Games are played with Tarot cards in various countries of Europe, but nowhere is it as popular as in France. You will find nightclubs, tournaments (such as replicate events) and a formal figure, the Fdration Franaise de Tarot. The next description is partly based on donations from Craig Kaplan, Michel Braunwarth and Eric Betito.
Tarot is a trick-taking sport in which the partnerships differ from hand to hand. It is most frequently played by four players, and this variant is clarified first. However it is also common for five to play, and it is likewise feasible for three; the necessary alterations will be clarified at the end.
The deck includes 78 cards.
In addition to the four standard matches there is a excess suit of twenty-one atouts (trumps) numbered from 21 (high) to 1 (low).
In the end, there is a special card called the excuse, or the fool, marked by a star in the corner.
Three cards, also the 1 of trump (called the petit ), the 21 of trump and the excuse are especially essential in the sport and are known as bouts ("ends") or sometimes in novels as oudlers.
Not merely are the bouts worth points, but having them in your tricks also lowers the total number of points you want to win.
In North America, French Tarot cards can be obtained from TaroBear’s Lair.
Values of those cards.
In each hand one player, the taker (le preneur) plays against the other three in partnership. The taker’s objective is to accumulate sufficient card points to win the hand by taking tricks.
For every card in every trick taken, you get the next card points:
Bouts (21, 1, excuse): 4.5 points each Kings: 4.5 points each Queens: 3.5 points each Knights: 2.5 points each Jacks: 1.5 points each Other cards: 0.5 points each.
It’s easiest to rely on them in pairs, grouping each court card bout with a 0.5 point card – so for instance a queen and a pip card collectively are worth 4 points. The total of the card points is 91.
The number of points the taker Should acquire depends on the number of spells the taker has in his tricks:
With 3 bouts the taker requires at least 36 card points to acquire; With 2 bouts the taker requires at least 41 card points to acquire; With 1 bout the taker requires at least 51 card points to triumph; With 0 spells the taker requires at least 56 card points to triumph.
The first dealer is chosen randomly – then the turn to deal passes to the right after each hand (the whole game is played ). The player opposite the dealer shuffles and the player to the left of the dealer cuts.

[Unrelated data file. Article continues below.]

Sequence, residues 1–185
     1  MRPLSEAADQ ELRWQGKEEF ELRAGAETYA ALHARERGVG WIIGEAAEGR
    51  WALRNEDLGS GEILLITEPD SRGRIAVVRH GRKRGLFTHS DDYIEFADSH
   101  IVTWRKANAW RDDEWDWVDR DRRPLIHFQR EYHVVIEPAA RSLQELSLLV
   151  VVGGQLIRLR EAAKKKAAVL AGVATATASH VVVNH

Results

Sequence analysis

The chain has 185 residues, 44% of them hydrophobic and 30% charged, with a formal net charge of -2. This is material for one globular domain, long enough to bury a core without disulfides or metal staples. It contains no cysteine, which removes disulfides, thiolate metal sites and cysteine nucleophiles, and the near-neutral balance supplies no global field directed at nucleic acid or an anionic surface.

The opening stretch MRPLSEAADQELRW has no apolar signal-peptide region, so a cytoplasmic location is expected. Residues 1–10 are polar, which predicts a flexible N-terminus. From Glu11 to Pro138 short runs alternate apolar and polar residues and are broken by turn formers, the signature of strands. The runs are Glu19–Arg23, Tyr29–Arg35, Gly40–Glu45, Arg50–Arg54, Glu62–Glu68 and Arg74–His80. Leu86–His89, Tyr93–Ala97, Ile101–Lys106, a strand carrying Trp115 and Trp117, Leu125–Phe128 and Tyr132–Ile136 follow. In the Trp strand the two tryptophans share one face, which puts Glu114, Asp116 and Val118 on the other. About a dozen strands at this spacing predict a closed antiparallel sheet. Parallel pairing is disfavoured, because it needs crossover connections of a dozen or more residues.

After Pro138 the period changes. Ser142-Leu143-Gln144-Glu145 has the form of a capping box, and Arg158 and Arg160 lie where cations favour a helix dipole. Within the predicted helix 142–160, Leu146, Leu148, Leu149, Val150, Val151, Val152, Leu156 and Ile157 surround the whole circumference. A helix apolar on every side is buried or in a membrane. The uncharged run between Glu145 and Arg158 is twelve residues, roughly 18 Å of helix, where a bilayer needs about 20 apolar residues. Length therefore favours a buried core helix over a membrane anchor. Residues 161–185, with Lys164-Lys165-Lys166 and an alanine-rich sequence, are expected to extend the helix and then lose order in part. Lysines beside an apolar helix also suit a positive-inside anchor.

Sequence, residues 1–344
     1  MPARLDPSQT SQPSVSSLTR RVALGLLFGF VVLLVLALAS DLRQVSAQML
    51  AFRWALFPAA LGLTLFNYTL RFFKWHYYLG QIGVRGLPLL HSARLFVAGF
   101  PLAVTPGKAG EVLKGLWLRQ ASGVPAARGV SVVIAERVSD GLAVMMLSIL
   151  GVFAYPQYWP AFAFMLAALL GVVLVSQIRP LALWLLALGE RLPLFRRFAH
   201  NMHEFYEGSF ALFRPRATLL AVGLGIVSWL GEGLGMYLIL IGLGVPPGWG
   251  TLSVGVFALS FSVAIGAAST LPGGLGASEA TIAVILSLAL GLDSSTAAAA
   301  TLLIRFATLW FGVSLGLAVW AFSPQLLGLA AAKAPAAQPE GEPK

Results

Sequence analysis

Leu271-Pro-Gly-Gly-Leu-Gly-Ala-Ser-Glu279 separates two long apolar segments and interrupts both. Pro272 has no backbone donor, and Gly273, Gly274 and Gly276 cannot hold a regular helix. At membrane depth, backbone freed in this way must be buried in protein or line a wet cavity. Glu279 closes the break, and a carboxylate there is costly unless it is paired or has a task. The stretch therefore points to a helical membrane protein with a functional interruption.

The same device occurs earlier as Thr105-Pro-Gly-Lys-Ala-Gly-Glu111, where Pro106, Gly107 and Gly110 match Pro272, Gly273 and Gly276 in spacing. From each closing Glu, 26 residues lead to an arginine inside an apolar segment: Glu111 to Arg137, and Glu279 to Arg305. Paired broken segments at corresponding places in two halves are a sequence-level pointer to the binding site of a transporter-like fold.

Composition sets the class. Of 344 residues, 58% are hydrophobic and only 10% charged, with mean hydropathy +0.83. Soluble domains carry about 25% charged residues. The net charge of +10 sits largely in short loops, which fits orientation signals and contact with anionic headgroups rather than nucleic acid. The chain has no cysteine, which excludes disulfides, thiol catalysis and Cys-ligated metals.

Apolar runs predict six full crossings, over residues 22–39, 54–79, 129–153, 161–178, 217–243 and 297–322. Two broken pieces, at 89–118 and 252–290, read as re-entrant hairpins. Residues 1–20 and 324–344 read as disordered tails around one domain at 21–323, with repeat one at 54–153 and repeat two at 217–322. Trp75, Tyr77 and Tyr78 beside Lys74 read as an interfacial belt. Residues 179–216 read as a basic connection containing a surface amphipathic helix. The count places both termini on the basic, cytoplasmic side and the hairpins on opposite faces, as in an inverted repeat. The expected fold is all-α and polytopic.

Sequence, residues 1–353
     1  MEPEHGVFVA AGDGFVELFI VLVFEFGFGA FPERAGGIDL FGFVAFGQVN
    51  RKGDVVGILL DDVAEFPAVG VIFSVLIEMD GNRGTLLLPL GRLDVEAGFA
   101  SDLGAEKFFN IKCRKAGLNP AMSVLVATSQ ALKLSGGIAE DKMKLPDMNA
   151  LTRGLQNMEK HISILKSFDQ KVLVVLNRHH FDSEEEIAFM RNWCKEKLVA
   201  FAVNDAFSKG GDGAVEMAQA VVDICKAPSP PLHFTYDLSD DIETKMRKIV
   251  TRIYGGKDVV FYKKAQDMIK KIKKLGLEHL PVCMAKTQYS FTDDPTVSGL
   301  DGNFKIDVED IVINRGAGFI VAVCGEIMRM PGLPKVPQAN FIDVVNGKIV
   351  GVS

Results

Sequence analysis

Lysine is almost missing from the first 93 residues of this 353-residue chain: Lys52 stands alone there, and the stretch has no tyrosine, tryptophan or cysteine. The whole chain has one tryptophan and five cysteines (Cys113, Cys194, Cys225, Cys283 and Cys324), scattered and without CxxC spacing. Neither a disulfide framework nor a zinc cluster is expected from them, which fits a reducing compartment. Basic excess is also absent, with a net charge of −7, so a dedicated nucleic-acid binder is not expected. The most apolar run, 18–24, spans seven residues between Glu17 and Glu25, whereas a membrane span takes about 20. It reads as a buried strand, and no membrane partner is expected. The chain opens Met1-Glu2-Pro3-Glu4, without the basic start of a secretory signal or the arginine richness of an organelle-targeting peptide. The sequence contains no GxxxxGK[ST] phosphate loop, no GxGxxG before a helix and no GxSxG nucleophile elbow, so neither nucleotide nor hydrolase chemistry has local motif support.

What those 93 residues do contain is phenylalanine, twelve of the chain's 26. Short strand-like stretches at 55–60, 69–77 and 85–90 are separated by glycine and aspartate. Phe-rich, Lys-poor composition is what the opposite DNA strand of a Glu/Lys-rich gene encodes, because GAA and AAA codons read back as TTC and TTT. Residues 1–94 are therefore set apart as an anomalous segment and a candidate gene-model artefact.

In a hand, 18 cards are dealt to each player, in packets of 3. During the bargain, six cards are dealt face down to the middle of the table to shape the talon or chien ("le chien" literally means "the dog", but maybe a better British equivalent is "kitty", because this word is employed in other card games for a bunch of cards put aside during the bargain ). The chien cards are dealt singly at any time during the deal, at the selection of the trader, except that the first three and the last three cards of the deck can’t be dealt with the chien.
A player who’s dealt only the 1 of trumps and no others (counting the excuse as a trump) immediately admits this and also the hand is cancelled – the cards are thrown in and the next dealer deals.
Each player, beginning with the player to the dealer’s correct and continuing , has only one chance to bid on the hand, or pass. If a person bids, subsequent players have the choice of bidding higher or passing.
Petite (Small) – also known in many of the publications as prise (take) You may use the chien cards to improve your hand (see below) and you then attempt to take enough card tips in tricks to win. Garde sans le chien (Guard with no kitty) No one looks at the chien, but the card points in it count as a portion of their taker’s tricks. Garde contre le chien (shield against the kitty) No one looks at the chien and it is counted as a member of the tricks of the competitions of the taker.
The maximum bidding player becomes the taker. The remaining three players form a temporary group, trying to stop the bidder from earning enough card points.
In Petite or Garde, the Chairman turns the six cards of the chien face up for all to watch and then takes them into his hand. Then he discards down face any six cards which shouldn’t include trumps, kings or the excuse. In the (very rare) case that the taker can’t mind this rule, he can discard trumps (but not bouts); any trumps discarded must be shown on the other players. The cards discarded from the Chairman count as a portion of the tricks.
The drama of the cards.
When the drop is complete, the cards have been played. The player to the dealer’s right contributes to the first trick.
The winner of a trick contributes to the next.
You have to follow suit if it’s possible, and in case you don’t have any cards of the suit which was directed you must play a trump. If trumps are directed, the other players must of course follow trumps if they can.